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Thread: Wheel Aligning at home - the guessing way

  1. #21
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    Quote Originally Posted by Preen59 View Post
    Yeah well... Basically it can be very hard to find someone that will do it properly. If you have the gear it takes 15 to 20 mins tops from start to finish.

    Stop being lazy and learn to do it yourself!
    Ok ill do it myself haha

    Show me how.
    MK1 GLS 3door
    A4 B7 2.0T

  2. #22
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    Quote Originally Posted by Preen59 View Post
    There's an easier way than how pete has done it that i know of using 2 tubes and a string line. It requires less work to make too, and you can do it with the wheels on.

    I'll explain later when i've got some pics. The way i'm talking about is how most race car teams do it. Very simple and no chance of error unless you physically screw up the measurements.

    Having said that pete, i like your little jigs, very nice.
    Thanks Preen,

    I made the jigs up just to get better access to everything, I found setting the camber solo pretty hard with the wheels on the ground because I couldn't watch the gauge and be 1/2 under the car with a socket on the strut bolts. Jacking it up wasn't the answer because I needed weight on the suspension. The car is 30mm lowered so there's's not much room to work around the tyre. There's a little refinment needed but this method works for me.

    Pete

  3. #23
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    Quote Originally Posted by Peter Jones View Post
    Thanks Preen,

    I made the jigs up just to get better access to everything, I found setting the camber solo pretty hard with the wheels on the ground because I couldn't watch the gauge and be 1/2 under the car with a socket on the strut bolts. Jacking it up wasn't the answer because I needed weight on the suspension. The car is 30mm lowered so there's's not much room to work around the tyre. There's a little refinment needed but this method works for me.

    Pete
    Very valid point. If the way i'm thinking of doing it actually turns out to be a pain, i might end up making jigs similar to yours.

    APR Tuned | KW Suspension | INA Engineering | Mocal Oil Control |
    Website: http://www.tprengineering.com
    Email: chris@tprengineering.com

  4. #24
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    Quote Originally Posted by Preen59 View Post
    Very valid point. If the way i'm thinking of doing it actually turns out to be a pain, i might end up making jigs similar to yours.
    im thinking of getting some sexy lasercut MS bits - maybe i should make 2 sets?
    '07 Touareg V6 TDI with air suspension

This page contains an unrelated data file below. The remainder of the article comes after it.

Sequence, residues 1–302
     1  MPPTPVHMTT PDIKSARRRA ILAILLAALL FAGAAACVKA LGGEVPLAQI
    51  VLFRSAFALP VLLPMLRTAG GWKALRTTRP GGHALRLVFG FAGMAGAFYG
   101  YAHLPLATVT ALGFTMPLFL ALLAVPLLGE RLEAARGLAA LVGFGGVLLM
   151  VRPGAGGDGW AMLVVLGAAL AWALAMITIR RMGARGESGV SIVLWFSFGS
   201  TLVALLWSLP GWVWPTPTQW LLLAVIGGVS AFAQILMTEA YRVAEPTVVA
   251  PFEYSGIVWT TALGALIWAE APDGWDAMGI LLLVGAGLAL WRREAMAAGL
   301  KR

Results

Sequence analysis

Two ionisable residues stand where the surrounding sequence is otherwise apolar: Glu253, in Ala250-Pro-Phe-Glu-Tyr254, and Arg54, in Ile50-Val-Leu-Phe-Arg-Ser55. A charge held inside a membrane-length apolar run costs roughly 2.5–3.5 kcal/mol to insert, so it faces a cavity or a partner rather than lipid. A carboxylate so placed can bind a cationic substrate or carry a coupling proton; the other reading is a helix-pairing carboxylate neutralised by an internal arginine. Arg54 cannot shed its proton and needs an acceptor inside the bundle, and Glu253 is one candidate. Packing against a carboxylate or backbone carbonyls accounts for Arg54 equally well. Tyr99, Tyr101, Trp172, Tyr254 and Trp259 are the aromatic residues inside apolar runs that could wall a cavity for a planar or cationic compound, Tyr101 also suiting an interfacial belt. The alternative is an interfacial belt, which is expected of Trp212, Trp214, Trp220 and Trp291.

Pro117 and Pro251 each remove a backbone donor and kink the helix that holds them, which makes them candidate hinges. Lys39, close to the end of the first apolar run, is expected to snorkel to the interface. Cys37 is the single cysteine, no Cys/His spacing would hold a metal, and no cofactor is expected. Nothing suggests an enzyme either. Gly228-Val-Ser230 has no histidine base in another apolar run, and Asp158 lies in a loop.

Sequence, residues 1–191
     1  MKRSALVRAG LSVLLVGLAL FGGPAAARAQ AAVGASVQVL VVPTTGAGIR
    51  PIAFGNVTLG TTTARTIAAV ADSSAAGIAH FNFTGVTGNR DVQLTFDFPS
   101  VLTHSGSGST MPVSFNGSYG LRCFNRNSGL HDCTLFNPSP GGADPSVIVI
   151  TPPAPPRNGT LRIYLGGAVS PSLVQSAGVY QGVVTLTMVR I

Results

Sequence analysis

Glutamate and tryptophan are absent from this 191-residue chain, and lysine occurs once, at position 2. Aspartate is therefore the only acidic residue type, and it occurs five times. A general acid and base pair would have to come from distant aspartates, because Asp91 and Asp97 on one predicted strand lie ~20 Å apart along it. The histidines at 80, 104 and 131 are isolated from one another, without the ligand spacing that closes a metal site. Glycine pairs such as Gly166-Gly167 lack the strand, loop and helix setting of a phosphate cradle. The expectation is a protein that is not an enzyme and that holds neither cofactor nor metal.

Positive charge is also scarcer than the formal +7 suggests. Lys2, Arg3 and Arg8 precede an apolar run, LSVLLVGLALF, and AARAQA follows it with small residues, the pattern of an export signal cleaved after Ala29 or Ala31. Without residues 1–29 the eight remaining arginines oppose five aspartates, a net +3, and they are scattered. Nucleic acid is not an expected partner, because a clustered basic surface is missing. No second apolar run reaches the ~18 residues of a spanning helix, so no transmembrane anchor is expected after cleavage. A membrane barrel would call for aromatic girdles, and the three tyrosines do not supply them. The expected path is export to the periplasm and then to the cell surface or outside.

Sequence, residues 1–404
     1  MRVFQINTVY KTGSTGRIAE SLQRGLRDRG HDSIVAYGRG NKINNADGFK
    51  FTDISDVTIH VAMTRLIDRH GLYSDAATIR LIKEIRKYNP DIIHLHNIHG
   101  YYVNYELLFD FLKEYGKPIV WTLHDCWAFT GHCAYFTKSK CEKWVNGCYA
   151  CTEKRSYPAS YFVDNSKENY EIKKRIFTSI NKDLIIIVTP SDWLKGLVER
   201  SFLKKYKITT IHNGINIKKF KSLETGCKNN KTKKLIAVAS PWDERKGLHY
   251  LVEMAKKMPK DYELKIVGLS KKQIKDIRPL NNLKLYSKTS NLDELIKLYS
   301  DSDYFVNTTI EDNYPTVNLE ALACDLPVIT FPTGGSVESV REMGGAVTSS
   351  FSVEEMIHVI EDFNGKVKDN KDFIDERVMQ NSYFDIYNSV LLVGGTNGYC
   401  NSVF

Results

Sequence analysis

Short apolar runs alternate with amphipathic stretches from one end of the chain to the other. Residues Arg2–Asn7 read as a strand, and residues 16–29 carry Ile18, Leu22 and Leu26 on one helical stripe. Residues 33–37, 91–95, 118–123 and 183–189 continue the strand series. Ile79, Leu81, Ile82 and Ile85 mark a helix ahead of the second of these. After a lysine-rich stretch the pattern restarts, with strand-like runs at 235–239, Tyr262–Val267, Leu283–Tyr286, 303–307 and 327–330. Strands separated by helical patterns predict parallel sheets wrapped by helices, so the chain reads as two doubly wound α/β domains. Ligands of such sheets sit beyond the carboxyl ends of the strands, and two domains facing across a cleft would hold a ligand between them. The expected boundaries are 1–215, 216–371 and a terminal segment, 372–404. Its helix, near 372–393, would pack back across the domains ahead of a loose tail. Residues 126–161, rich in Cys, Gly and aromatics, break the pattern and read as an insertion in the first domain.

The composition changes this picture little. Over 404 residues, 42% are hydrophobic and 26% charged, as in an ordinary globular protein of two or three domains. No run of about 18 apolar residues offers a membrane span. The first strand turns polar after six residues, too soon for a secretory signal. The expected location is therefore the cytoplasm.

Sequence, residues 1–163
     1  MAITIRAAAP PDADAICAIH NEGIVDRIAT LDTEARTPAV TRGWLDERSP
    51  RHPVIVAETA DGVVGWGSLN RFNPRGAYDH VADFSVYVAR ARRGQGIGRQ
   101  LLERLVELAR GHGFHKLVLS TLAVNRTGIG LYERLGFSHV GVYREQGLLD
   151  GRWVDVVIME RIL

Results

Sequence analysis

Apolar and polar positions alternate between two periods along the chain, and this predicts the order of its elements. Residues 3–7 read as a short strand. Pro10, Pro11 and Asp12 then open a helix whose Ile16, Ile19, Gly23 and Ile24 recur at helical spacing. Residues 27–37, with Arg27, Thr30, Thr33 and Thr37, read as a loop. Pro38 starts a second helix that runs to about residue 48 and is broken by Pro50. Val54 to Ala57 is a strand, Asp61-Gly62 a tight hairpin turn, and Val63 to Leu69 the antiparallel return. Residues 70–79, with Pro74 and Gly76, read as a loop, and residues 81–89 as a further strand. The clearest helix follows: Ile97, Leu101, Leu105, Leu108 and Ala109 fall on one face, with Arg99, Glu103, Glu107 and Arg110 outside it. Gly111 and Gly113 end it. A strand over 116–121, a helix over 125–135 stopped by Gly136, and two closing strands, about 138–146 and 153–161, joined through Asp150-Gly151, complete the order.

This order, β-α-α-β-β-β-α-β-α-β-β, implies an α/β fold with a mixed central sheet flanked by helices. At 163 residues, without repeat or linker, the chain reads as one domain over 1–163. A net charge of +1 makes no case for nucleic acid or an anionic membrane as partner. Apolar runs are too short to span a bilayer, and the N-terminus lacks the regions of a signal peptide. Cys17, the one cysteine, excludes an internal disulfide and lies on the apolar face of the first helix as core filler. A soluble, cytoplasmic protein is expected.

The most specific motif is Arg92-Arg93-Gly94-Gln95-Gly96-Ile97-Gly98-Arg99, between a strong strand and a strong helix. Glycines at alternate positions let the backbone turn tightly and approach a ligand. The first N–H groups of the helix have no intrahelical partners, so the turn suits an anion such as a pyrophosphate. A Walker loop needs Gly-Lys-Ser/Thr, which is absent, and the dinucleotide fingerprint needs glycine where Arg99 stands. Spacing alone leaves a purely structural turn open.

'98 Mk3 Cabriolet 2.0 8V
    '99 A4 Quattro 1.8T

  5. #25
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    Quote Originally Posted by gldgti View Post
    im thinking of getting some sexy lasercut MS bits - maybe i should make 2 sets?
    Nah don't worry about that. I'll CNC machine mine when i work out what i want to do. Shoot me your designs if you want. It might give me some ideas.

    Thanks for the offer.

    APR Tuned | KW Suspension | INA Engineering | Mocal Oil Control |
    Website: http://www.tprengineering.com
    Email: chris@tprengineering.com

  6. #26
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    I'm just digging up an old thread here with a question...are one of you knowledgable blokes able to post up a method of doing your own alignment? I'd like to know how to do it and it may come in handy if I'm not happy with the wheel alignment I need done atm
    Mrk Detailing, premium automotive detailing. Paint correction/protection specialist. PM me

  7. #27
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    Thread Starter
    Quote Originally Posted by Mrk_Mickey View Post
    I'm just digging up an old thread here with a question...are one of you knowledgable blokes able to post up a method of doing your own alignment? I'd like to know how to do it and it may come in handy if I'm not happy with the wheel alignment I need done atm
    you'll have to wait until 3rd december - until then its THESIS time for me.
    '07 Touareg V6 TDI with air suspension
    '98 Mk3 Cabriolet 2.0 8V
    '99 A4 Quattro 1.8T

  8. #28
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    Hi all,

    I have read this thread with great interest but yet am still none the wiser on exactly how to do my wheel alignment. I am planning on replacing my wishbone bushes on my Mk4 and from my readings, I need to do a proper wheel alignment after I refit the wishbones.

    Quote:
    Originally Posted by Preen59
    Yeah well... Basically it can be very hard to find someone that will do it properly. If you have the gear it takes 15 to 20 mins tops from start to finish.

    Stop being lazy and learn to do it yourself!

    Ok ill do it myself haha

    Show me how.
    X2, How do I do it?